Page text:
"The first album was about things that had happened to me before I'd moved through to Glasgow and started writing songs," he explains. "Frankly, I've got nothing to write about since then: I've just been going around playing music. So I had to look outside myself a wee bit. Sometimes it helps to just put yourself in perspective, to sing as the person you're writing about. It still has a personal touch, even though it hasn't happened to me, but I can imagine, obviously, what some of that stuff feels like."
On the morning we meet, the band have to pack up and head to Stirling for yet another gig. Before they go, however, I ask each of them to name the moment that made them realise life in Admiral Fallow had shifted up a gear.
"I study at the RCS and, instead of having to do a recital, they marked me on an Admiral Fallow gig," says Brolly. "Brilliant! The easiest exam I ever sat! Top marks too." For Hayes, it was the feeling that everyone – band and audience – at the ABC gig "was on the same page"; for festival veteran Rattray, the "weird but cool" sensation of seeing his own band's name among the set times at last year's Glastonbury festival.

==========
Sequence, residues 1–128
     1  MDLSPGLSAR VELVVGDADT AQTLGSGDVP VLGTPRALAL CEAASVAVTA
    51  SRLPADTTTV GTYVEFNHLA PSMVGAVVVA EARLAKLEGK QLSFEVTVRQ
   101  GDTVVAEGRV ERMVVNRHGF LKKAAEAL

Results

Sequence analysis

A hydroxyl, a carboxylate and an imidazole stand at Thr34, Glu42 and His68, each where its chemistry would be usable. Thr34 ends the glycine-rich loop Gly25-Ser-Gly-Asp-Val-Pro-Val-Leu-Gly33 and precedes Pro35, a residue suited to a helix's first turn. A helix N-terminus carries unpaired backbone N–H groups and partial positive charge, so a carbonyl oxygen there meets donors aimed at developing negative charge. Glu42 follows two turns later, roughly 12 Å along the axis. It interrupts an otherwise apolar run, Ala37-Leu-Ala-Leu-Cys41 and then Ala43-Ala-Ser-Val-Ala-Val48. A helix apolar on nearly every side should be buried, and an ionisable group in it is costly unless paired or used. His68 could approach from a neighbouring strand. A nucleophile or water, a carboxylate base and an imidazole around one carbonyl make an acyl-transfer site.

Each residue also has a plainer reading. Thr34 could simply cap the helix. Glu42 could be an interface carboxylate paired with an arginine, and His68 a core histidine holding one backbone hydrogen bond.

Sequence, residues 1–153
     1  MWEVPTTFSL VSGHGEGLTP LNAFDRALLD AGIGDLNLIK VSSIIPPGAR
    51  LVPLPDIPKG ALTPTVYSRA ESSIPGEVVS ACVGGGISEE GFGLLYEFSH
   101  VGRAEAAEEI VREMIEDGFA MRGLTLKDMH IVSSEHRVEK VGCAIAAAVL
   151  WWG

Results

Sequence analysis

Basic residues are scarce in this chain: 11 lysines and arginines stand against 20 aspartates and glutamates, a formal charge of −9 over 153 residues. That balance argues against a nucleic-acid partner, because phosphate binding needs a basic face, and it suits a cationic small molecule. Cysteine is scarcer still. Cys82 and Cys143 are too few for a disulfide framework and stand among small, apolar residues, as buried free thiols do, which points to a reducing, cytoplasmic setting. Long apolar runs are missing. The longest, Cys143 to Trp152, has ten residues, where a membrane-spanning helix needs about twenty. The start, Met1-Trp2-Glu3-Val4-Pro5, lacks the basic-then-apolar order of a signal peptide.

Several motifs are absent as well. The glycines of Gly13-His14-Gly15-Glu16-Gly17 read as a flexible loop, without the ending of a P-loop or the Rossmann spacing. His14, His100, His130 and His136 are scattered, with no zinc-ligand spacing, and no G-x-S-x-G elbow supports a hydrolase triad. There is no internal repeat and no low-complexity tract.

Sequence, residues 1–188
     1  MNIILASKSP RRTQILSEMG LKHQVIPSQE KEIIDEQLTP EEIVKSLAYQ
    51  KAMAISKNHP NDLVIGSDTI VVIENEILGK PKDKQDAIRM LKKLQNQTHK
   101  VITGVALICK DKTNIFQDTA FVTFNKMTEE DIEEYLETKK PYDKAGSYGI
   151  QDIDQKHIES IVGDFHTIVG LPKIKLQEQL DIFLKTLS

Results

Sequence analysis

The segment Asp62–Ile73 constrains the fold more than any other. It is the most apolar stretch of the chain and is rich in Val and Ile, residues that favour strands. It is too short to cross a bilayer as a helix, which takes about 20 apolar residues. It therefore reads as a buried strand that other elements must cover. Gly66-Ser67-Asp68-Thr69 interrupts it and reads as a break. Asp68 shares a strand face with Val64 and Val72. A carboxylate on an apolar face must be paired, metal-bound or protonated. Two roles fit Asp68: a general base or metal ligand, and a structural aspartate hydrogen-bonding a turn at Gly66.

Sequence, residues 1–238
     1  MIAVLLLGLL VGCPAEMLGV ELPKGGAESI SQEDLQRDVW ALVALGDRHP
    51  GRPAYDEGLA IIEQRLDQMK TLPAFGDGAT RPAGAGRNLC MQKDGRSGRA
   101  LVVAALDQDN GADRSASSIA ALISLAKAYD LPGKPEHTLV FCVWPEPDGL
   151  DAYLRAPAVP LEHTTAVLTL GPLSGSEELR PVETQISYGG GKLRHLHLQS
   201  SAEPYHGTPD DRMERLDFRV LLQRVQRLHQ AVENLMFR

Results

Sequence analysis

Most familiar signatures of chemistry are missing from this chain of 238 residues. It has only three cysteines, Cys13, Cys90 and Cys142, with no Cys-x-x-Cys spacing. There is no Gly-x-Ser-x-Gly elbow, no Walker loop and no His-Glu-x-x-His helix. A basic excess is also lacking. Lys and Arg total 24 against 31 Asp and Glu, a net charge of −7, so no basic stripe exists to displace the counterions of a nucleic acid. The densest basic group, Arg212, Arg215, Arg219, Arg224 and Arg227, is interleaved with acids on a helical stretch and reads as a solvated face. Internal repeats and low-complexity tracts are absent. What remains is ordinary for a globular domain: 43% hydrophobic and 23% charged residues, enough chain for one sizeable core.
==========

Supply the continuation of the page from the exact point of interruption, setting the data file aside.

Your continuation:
Hague takes a bit longer to ponder the question: "It's not a specific thing, but moving home to Edinburgh has given me focus after six years of college in Glasgow and doing music flat out with the band. I've got a lot of mates from school who have degrees and either don't know what to do with them or have been having hard times. So when you go to the pub, and they ask what you've been up to, and you say you've been on tour or made a music video or supported a great band, they're the people who will say 'that's amazing'. You can get blinkered in a band, and that's been a proper, necessary medicine."
And for Abbott? "Festivals such as Green Man, Latitude, End Of The Road ... I never thought we'd get a chance to play any of those. Last year was a great summer and, for me, that was a turning point because suddenly we weren't only doing little club gigs but getting on to big stages at these festivals – and, for the most part, holding our own on these bigger spaces."
Give it time: the stages will get bigger yet. Admiral Fallow are on a roll. No sleep until Barrowland.
Tree Bursts In Snow is released on the Nettwerk label on Monday. Admiral Fallow play Queen's Hall, Edinburgh, Monday; Fat Sam's, Dundee, Tuesday; and Lemon Tree, Aberdeen, Wednesday. For other dates in 2012 see admiralfallow.com/live. With thanks to The Dogs, 110 Hanover Street, Edinburgh, www.thedogsonline.co.uk.